Last April, the Argus Leader, in an exhaustive report, talked with many members of our current state Legislature about conflicts of interest. Many state lawmakers clearly find themselves in such conflicts constantly, yet most of them say it’s not a problem. (Notice that’s what they say.) That’s easy for them to say; currently, there are no rules that prohibit any lawmaker from voting on legislation that pose a clear conflict of the public’s interest.
One could also make the argument that the corruption our state is currently experiencing is happening outside the realm of our Legislature. We won’t know this until the investigations are complete, but it appears that any alleged wrongdoing may have occurred more at the executive level, specifically involving the GOED and officials appointed or hired by a prior governor.
Perhaps accountability needs to first be aimed at the governor’s office, and officials linked to that office. We hope, if the investigation clearly finds deficiencies in that regard in our executive branch, that our governor deals with them swiftly and effectively.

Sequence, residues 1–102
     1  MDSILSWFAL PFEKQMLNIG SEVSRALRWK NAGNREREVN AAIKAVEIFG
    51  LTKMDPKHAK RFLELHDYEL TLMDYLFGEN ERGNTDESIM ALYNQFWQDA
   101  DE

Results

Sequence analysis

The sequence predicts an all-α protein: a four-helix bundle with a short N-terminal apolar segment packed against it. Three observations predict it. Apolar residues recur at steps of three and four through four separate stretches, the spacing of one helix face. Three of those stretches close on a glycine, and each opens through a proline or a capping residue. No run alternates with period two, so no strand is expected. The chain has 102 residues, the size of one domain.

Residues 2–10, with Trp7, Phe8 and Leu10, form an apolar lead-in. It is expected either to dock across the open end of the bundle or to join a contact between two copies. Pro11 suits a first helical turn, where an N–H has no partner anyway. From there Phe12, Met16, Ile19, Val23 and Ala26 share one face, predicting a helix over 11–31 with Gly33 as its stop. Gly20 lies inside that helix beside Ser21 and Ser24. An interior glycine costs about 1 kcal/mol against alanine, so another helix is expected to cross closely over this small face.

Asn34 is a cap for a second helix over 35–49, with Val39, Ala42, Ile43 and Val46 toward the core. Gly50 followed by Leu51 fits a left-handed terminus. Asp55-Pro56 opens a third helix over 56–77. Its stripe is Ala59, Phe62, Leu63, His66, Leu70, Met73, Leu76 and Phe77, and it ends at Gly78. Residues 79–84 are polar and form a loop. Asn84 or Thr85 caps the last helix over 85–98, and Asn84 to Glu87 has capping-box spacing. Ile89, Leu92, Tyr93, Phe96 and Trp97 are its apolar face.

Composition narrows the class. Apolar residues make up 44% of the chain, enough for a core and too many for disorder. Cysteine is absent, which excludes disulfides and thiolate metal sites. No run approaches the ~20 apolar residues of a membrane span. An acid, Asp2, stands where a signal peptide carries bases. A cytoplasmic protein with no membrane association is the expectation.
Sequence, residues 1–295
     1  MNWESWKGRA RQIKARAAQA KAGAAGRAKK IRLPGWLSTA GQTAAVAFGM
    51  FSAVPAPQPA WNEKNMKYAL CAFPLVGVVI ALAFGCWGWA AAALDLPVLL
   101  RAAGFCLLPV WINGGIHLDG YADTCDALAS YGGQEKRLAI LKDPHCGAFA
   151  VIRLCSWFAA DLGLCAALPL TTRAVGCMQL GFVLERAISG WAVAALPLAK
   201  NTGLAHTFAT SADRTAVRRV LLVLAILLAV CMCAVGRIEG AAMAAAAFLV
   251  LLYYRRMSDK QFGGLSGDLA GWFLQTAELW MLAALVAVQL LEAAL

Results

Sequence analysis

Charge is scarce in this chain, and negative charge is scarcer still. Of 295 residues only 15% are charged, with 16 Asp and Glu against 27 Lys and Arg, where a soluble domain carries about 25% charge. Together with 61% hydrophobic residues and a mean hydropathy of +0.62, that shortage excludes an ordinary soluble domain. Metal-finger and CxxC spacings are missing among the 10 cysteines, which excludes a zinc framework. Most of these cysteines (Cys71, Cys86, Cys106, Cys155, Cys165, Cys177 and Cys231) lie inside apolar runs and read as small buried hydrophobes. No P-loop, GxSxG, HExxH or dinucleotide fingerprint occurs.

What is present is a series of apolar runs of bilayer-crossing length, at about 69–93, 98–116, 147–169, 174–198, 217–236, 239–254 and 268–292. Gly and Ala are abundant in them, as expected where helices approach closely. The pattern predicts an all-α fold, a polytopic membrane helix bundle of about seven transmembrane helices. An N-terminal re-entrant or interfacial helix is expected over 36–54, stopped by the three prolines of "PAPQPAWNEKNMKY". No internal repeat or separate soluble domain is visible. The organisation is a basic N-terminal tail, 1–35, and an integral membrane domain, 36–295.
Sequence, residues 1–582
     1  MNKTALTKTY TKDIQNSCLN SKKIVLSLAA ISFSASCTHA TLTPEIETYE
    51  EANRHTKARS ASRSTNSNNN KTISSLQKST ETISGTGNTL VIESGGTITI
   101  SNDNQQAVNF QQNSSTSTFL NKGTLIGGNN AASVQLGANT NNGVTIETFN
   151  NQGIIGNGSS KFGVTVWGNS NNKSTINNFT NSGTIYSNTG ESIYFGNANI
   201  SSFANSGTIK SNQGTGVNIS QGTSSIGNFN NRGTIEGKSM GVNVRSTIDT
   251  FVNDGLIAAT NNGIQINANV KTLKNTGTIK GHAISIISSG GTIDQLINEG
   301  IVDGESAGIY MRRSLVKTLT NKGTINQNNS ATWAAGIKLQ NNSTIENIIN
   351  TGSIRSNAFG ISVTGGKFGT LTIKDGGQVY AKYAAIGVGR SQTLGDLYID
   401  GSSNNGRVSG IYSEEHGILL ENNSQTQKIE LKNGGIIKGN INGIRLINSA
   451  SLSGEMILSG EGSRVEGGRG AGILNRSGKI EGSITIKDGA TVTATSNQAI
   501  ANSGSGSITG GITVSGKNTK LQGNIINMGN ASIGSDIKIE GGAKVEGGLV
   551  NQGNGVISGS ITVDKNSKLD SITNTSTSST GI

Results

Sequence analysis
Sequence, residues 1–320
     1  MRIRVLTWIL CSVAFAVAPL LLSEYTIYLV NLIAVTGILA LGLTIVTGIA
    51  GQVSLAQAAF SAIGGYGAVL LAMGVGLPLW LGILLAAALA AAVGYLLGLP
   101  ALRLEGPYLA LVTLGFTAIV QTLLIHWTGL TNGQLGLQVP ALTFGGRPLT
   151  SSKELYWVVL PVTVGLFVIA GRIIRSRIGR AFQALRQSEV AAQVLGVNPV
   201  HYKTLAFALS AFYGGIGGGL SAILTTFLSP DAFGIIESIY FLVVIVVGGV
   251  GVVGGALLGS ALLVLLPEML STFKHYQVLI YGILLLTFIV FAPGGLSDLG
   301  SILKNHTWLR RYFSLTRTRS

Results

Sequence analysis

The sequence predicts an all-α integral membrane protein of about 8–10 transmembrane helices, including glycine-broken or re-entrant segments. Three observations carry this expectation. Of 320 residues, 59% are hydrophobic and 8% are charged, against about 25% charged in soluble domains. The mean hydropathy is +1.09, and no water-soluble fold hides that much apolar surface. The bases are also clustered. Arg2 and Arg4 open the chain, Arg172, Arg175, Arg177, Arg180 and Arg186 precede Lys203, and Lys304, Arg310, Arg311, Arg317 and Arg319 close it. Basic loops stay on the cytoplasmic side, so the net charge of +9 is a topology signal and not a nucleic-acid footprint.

All we can do right now is speculate, but this we know for certain: corruption tears at the very fabric of this state, in ways that can be unexpected. People like Campante and Do, who study this kind of thing, note that the evidence is clear – indicators of corruption are negatively correlated with important economic outcomes. Corruption reduces economic growth, via reduced private investment; corruption limits development, as measured by per capita income, child mortality, and literacy; and corruption affects the making of economic policy.
You don’t need us to tell you that corruption is bad. What’s not so obvious is how what’s being investigated currently has likely already had a negative affect on the state economy, on our health, on the quality of our education, and our quality of life.
The damage won’t quickly be undone. Hopefully, ways will be found to help make sure something like this doesn’t happen again in our fair state.